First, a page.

Jayme Cousins, In House Logic

Tell us about yourself. 

I was born in Brazil to British parents and lived in Rio de Janeiro until my family moved to Canada when I was 10. We lived in Sarnia until the year my Father passed and I started studying at Western. In London I studied computer-aided geography and ran the campus paintball club. Painting houses in the summer lead to owning a franchise in my 4th year. After graduation I worked for the university as a recruiter and academic guidance officer before signing up at Fanshawe College for their Urban Studies co-op program. The work placement after 2nd year was with the London Free Press where I stayed for a year instead of returning to college. A year later I was asked to join a software firm starting up at the University Research Park, a position I stayed at for more than seven years. During this time I met a wonderful woman named Heather, fell in love and got married three days before 911. We now share our home with an ancient standard poodle and lively son named Alan.

Tell us about your business. How long have you been operating? What do you enjoy most about your job?

In House Logic is a web development business which started 10 years ago with the help of the Small Business Centre and the OSEB program. We build custom-fit web sites which are well understood by search engines. Our clients have ranged from solo-preneur start-ups to government agencies across North America. We have the most fun when the site just won't fit into the standard one-size-fits-all approach that is now common in this industry. We work with a small team of specialists who bring great expertise and a touch of humour to all their projects. Personally, I greatly enjoy speaking at workshops and seminars run by Fanshawe College or the London Small Business Centre.

What led you to start this business?

Before staring In House Logic I was working as a Marketing Manager for a local software company and doing freelance web development on the side. When my employer sold its primary technology to a US firm we had no products to market and so many of us were let go. It was then that my freelancing turned into a proper business – and maintained the focus on helping small projects get online safely and effectively.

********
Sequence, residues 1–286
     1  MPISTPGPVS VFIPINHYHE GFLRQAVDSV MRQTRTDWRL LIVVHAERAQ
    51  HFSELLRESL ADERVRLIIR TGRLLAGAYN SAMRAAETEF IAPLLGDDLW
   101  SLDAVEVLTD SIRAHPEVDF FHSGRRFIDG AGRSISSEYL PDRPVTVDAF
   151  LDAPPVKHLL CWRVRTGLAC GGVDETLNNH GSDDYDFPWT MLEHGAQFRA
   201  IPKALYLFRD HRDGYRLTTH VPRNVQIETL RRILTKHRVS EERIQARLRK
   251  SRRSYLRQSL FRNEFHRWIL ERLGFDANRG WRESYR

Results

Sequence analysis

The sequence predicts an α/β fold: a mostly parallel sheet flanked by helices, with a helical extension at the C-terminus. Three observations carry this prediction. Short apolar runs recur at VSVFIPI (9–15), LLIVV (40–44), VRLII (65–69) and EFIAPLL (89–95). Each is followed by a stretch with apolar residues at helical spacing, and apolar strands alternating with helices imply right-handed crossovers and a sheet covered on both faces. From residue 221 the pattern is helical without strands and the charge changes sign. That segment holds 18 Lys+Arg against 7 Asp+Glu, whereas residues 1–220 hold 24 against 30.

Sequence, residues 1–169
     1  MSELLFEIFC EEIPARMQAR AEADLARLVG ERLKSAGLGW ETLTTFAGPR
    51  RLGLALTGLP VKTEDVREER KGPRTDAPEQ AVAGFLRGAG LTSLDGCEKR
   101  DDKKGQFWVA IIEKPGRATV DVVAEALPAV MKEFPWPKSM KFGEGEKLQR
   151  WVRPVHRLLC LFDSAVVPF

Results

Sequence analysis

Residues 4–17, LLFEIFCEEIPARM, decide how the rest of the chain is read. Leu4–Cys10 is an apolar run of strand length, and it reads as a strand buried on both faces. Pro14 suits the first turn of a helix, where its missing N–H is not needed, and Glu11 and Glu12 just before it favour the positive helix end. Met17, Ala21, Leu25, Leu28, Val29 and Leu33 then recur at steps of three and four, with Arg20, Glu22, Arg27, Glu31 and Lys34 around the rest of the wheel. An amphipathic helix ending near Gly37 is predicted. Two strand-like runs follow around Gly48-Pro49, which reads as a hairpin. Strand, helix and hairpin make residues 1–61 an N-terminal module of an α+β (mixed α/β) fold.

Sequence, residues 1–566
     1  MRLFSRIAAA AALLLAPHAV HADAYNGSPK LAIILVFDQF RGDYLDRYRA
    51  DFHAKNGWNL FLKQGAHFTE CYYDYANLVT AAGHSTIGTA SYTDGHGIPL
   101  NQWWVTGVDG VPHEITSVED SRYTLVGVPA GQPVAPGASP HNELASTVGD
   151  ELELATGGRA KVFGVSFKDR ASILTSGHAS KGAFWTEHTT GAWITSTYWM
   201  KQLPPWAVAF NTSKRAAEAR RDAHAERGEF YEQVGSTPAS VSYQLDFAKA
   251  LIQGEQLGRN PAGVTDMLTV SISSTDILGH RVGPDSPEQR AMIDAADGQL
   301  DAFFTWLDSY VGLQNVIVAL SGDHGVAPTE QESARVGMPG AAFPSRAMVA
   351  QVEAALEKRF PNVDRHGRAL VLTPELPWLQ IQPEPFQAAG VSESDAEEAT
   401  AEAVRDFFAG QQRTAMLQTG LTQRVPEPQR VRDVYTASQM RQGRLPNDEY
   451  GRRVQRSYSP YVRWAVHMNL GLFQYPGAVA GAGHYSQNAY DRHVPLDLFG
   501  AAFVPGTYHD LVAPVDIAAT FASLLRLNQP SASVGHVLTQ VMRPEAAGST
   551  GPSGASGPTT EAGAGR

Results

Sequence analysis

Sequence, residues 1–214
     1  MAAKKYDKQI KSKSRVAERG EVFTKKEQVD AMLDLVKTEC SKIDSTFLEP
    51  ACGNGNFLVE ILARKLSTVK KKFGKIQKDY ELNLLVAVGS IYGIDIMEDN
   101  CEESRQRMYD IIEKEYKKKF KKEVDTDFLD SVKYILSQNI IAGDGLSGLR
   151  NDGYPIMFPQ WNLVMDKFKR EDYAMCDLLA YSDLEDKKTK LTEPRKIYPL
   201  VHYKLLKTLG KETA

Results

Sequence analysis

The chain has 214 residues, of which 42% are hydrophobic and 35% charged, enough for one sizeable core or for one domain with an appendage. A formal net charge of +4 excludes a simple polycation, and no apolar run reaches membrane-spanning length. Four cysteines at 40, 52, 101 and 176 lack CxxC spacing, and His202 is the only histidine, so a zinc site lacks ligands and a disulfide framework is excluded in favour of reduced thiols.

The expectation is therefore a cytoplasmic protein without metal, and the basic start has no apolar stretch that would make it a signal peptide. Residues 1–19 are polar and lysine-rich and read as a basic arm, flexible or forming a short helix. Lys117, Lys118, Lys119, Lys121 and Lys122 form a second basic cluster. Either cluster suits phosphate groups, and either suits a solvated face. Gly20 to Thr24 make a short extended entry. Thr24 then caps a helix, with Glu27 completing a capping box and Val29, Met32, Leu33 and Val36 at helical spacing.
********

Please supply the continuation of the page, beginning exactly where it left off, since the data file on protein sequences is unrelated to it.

As a busy entrepreneur, what do you like to do when you take a break?

I like to turn pens on my lathe in the garage. Simple woodworking and home projects are a major distraction for me. I have a regular group that I play board games with and I'm quite involved with a fraternal organization which has a number of volunteer projects. Watching our son progress with his karate and cub scouts gives me a great deal of pleasure. We've recently been able to travel a bit and have had some great adventures overseas. Now that we live in a more rural neighbourhood, we're enjoying time with our new neighbours and friends.

What is the #1 small business book/blog/website you would recommend?

"Don't Make Me Think" by Steven Krug

Can you tell us about an entrepreneur you admire and why?

Marilyn Sinclair – now the CEO & President of London TechAlliance, is the best manager I've ever had. She taught me to accept the things I could not change, but to think creatively about those challenges. She empowers people to work with a spirit of trust, cooperation and support. Marilyn could teach a lot of business leaders about handling themselves and others with grace and respect.

What's the best business advice you've ever received and why?

My father-in-law's simple mantra for dealing with adversity: "Declare victory. Move on." It's the best advice I've ever received.

What advice would you give to someone starting a small business today?

Get on with it! Don't let waiting for perfection be your enemy. Just like a web site can launch with simple features to begin with, so can your business begin with the basics. Do the things that you're good at and ask for help with those things that drag you down. Don't be afraid to part company with a client who is treating you unfairly. Compete on the value of your skill and experience – not price. Lastly, listen to that little voice in your head that warns you whether a situation is good or not. Those are your personal Spidey-Senses and they really are a super power.

What's in the future for your business?

We're working on bringing in some lower-cost web site packages for start-ups and small projects that still offer proper technical security and features. The current options for this market are often not safe or effective in the long-term. We're constantly asked to rescue small sites that get abandoned or abused. It would be so much better for these projects to have reasonably priced options that can grow with the businesses, but which start with solid foundations in the first place.
Plus there's some other stuff. Standing still is boring!

To learn more about In House Logic, please visit: www.inhouselogic.com

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